One of the core values of UHBC is “the separation of church and state.” We believe in a free church in a free state. We agree to disagree without breaking fellowship with each other. Faith will necessarily intersect with politics, but we don’t all agree on how that is to happen or what that should look like. We are a tapestry of different political, social, and theological positions.
    No church is perfect. But, I am so grateful for the spirit and personality of UHBC as we navigate through this political season. As we do so, may we affirm our unity around the only and earliest creed that Baptists should affirm: “Jesus Christ is Lord.” Let us put the Kingdom of God first and foremost, even as we may struggle with differences of opinion that are important to us.
   Consider the words of Susan B. Anthony: “I distrust those people who know so well what God wants them to do, because I notice it always coincides with their own desires.”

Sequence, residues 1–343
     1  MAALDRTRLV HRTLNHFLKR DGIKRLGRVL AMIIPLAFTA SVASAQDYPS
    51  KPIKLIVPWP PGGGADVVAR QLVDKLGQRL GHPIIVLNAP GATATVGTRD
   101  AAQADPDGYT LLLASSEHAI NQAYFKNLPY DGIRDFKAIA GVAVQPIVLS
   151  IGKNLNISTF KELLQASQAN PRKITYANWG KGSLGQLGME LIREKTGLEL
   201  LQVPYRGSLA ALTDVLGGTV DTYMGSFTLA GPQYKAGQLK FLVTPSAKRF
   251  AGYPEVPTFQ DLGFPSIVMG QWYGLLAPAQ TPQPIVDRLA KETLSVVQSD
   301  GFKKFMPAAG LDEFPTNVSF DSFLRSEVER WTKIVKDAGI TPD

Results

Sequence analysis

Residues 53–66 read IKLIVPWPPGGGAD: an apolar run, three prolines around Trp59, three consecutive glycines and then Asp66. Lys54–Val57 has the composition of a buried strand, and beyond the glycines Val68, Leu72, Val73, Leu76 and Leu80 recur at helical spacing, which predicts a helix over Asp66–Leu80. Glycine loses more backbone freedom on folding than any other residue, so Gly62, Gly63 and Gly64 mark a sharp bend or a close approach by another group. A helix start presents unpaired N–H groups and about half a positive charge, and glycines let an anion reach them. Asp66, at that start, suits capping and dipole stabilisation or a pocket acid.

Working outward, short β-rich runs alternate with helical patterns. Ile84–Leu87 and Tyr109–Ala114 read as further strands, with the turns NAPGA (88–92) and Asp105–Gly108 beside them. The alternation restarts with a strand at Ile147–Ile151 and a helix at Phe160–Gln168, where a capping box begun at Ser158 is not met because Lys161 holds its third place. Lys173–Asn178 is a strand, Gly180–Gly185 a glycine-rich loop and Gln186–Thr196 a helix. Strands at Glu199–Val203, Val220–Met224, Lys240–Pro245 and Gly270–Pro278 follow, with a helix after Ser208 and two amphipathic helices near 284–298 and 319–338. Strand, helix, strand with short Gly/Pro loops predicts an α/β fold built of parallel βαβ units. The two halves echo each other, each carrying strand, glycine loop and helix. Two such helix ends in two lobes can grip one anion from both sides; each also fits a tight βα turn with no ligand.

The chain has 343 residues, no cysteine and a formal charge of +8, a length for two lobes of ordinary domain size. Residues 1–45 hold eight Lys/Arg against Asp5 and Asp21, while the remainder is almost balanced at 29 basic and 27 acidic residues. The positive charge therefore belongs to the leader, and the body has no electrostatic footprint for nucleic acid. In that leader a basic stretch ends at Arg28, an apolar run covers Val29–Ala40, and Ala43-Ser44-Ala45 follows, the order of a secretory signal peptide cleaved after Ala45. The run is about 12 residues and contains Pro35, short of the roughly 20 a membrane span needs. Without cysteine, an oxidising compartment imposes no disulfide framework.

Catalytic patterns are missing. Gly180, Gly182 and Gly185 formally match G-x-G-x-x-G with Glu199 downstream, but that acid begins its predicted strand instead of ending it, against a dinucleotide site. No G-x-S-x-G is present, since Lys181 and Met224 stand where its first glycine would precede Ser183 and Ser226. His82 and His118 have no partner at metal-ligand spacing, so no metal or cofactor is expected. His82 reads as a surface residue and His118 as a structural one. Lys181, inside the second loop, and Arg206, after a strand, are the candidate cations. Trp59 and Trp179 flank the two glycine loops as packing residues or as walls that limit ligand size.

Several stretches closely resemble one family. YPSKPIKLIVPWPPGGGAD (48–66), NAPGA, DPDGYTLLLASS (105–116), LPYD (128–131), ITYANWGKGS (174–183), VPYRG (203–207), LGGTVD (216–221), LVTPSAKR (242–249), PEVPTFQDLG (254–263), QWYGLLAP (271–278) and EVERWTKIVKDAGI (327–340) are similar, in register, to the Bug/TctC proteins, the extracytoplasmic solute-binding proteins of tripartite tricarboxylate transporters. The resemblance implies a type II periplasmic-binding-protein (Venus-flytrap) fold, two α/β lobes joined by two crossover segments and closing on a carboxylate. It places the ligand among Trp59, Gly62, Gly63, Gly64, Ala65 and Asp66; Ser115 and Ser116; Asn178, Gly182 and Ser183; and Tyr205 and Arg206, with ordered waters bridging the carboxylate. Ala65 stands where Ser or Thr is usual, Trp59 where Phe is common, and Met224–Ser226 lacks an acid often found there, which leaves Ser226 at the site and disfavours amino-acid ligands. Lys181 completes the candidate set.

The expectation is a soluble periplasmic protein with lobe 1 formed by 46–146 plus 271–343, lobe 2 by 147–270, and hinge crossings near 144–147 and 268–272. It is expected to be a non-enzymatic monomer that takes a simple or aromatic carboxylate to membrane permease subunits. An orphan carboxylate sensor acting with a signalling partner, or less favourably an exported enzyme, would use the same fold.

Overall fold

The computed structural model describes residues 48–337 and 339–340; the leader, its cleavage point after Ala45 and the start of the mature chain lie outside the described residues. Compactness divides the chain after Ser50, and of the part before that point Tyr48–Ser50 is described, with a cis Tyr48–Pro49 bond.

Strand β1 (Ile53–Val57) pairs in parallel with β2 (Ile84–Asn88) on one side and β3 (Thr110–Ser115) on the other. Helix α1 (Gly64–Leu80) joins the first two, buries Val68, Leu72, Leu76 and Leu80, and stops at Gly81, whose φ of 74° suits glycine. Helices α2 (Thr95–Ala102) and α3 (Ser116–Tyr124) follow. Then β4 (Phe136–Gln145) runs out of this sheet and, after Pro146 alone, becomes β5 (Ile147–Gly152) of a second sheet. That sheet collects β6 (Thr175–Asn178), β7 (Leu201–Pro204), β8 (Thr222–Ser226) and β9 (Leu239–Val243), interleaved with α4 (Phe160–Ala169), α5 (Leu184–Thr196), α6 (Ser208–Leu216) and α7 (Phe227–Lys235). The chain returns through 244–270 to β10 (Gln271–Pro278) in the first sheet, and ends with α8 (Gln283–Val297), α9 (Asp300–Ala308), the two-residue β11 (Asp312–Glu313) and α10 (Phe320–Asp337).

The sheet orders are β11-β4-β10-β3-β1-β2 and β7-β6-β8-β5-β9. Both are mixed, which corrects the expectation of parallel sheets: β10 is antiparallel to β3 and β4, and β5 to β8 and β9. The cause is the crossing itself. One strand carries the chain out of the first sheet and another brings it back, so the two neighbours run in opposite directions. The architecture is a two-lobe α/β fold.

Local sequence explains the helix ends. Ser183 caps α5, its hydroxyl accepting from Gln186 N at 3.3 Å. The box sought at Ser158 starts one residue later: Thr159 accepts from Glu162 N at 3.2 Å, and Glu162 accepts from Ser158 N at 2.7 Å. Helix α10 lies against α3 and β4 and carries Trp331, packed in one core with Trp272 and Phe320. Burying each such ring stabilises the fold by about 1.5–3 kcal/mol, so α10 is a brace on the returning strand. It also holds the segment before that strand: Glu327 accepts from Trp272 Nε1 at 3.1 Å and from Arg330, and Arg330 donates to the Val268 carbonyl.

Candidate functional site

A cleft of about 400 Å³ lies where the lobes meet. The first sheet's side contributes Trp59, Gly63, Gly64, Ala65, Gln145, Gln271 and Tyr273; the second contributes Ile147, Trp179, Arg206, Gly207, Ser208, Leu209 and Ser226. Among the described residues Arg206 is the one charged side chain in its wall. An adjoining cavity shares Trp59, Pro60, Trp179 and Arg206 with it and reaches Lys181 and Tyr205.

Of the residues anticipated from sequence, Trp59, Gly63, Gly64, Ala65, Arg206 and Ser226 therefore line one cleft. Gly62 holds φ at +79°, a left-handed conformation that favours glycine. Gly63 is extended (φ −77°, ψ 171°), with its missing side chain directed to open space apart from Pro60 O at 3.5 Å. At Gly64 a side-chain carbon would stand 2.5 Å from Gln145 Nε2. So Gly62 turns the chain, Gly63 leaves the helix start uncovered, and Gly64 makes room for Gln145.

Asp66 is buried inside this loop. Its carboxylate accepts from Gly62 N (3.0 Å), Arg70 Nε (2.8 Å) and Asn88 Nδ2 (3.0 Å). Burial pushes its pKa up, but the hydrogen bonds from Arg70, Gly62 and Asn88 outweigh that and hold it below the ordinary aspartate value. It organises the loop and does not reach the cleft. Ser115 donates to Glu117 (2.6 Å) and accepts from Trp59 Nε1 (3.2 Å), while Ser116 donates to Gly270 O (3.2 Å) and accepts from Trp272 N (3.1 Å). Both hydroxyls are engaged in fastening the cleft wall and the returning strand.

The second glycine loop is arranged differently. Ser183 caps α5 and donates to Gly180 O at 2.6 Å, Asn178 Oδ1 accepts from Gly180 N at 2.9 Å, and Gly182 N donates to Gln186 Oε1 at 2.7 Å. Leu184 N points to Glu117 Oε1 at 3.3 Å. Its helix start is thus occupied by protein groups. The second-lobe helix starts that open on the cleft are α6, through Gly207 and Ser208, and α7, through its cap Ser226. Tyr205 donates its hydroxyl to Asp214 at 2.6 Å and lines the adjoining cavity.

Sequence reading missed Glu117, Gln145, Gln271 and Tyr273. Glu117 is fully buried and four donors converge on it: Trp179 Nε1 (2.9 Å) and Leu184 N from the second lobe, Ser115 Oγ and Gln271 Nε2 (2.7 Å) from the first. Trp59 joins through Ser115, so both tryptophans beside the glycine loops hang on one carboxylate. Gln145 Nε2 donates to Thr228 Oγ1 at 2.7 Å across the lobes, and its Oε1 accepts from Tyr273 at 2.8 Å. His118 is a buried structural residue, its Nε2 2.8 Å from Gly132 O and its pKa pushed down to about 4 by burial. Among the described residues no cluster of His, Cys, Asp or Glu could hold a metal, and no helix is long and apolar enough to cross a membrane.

I hope you’ll join me in “keeping the main thing the main thing” through the remainder of 2016. Good things are happening in our church. I’m looking forward to kicking off the Fall, meeting new people, and serving our risen Lord. Let’s praise God for that and be open to the Holy Spirit’s leadership as we move forward, together.

Pastor’s page: cynicism and C.S. Lewis

We are living in a time of great cynicism. This was even more apparent with the joint appearance of Presidents Bush and Obama at a memorial service. They came together to show support for the five police officers who were gunned down by a sniper and their families.